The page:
Cholesterol accumulates in cell bodies, but is decreased in distal axons, of Niemann–Pick C1-deficient neurons

Authors

  • Barbara Karten,

    1. Canadian Institutes of Health Research Group on the Molecular and Cell Biology of Lipids and Departments of
    2. Medicine,
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    • 1

      Supported by postdoctoral fellowships from the Alberta Heritage Foundation for Medical Research and the Deutsche Forschungsgemeinschaft (Forschungsstipendium KA1578/1).

  • Dennis E. Vance,

    1. Canadian Institutes of Health Research Group on the Molecular and Cell Biology of Lipids and Departments of
    2. Biochemistry and
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    • 2

      Medical Scientists of the Alberta Heritage Foundation for Medical Research.

    • 3

      Holder of the Canada Research Chair in Molecular and Cell Biology of Lipids.

  • Robert B. Campenot,

    1. Cell Biology, University of Alberta, Edmonton, Alberta, Canada
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    • 2

      Medical Scientists of the Alberta Heritage Foundation for Medical Research.

  • Jean E. Vance

    1. Canadian Institutes of Health Research Group on the Molecular and Cell Biology of Lipids and Departments of
    2. Medicine,
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Address correspondence and reprint requests to Dr Jean E. Vance, 332 Heritage Medical Research Center, University of Alberta, Edmonton Alberta T6G 2S2, Canada. E-mail: jean.vance@ualberta.ca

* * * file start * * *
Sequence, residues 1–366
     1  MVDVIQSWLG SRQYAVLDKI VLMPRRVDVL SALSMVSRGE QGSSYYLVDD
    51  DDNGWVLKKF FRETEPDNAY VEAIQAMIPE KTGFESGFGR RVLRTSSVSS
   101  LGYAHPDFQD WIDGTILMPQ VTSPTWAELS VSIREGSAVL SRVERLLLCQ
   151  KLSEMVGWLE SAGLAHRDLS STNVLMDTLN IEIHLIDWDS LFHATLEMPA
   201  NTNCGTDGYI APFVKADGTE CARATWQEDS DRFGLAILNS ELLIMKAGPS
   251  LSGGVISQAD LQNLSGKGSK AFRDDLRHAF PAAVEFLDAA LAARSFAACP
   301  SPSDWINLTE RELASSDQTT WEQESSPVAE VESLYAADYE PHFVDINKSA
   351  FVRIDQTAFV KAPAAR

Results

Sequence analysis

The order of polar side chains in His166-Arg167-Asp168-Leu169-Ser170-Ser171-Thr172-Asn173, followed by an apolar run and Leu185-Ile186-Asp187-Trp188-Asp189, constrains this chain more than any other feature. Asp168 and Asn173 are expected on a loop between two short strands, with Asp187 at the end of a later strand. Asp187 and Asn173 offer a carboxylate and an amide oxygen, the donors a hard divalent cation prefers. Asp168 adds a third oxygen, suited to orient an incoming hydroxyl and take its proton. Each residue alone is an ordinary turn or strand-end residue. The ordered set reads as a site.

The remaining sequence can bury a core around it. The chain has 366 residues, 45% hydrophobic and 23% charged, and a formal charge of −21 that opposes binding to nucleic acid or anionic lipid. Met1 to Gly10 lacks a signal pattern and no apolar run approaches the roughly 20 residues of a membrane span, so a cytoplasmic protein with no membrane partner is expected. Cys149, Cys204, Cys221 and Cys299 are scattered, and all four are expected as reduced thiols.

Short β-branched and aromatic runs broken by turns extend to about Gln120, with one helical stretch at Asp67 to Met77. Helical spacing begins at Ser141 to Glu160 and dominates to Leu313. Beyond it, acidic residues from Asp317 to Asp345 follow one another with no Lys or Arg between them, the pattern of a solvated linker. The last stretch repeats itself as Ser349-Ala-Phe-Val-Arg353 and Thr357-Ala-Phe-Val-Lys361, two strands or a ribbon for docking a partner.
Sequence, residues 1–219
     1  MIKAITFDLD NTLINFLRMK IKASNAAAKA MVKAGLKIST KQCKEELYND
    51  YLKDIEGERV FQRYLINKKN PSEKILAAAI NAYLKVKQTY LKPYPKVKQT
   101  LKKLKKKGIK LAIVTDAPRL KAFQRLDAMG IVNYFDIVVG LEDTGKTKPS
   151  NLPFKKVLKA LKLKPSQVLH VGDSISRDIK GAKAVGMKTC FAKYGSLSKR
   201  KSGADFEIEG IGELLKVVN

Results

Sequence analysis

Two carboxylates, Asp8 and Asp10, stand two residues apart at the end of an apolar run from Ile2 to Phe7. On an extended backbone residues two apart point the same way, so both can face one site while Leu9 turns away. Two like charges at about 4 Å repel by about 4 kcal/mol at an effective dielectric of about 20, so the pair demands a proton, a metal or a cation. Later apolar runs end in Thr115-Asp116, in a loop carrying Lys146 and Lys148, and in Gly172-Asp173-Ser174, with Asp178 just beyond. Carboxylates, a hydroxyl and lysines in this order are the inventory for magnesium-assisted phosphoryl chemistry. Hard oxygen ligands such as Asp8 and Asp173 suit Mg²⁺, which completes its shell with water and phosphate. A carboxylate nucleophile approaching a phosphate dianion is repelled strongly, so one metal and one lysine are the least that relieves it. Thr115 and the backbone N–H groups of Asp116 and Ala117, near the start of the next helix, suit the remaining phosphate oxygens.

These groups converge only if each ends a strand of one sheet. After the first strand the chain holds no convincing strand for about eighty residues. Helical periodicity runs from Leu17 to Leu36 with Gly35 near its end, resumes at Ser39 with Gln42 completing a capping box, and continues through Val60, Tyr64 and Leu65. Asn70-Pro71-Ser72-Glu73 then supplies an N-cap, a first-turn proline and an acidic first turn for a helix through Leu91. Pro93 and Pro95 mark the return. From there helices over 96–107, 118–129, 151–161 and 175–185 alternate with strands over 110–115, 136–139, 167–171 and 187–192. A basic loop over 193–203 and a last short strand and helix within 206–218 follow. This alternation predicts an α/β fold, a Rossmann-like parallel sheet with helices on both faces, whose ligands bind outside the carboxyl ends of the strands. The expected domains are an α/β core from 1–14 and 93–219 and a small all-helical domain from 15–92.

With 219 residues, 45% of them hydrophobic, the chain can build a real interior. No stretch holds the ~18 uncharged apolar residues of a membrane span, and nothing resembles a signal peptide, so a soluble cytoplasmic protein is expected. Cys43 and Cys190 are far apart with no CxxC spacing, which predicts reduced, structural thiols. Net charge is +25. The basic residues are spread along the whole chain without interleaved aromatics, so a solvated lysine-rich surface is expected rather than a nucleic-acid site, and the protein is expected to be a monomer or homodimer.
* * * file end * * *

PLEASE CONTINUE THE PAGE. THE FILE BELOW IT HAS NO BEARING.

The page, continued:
Abstract

Niemann–Pick type-C (NPC) disease is characterized by a progressive loss of neurons and an accumulation of unesterified cholesterol within the endocytic pathway. Unlike other tissues, however, NPC1-deficient brains do not accumulate cholesterol but whether or not NPC1-deficient neurons accumulate cholesterol is not clear. Therefore, as most studies on cholesterol homeostasis in NPC1-deficient cells have been performed in fibroblasts we have investigated cholesterol homeostasis in cultured murine sympathetic neurons lacking functional NPC1. These neurons did not display obvious abnormalities in growth or morphology and appeared to respond normally to nerve growth factor. Filipin staining revealed numerous cholesterol-filled endosomes/lysosomes in NPC1-deficient neurons and the mass of cholesterol in cell bodies was greater than in wild-type neurons. Surprisingly, however, the cholesterol content of NPC1-deficient and wild-type neurons as a whole was the same. This apparent paradox was resolved when the cholesterol content of NPC1-deficient distal axons was found to be less than of wild-type axons. Cholesterol sequestration in cell bodies did not depend on exogenously supplied cholesterol since the cholesterol accumulated before birth and did not disperse when neurons were cultured without exogenous cholesterol. The altered cholesterol distribution between cell bodies and axons suggests that transport of cholesterol, particularly that synthesized endogenously, from cell bodies to distal axons is impaired in NPC1-deficient neurons.

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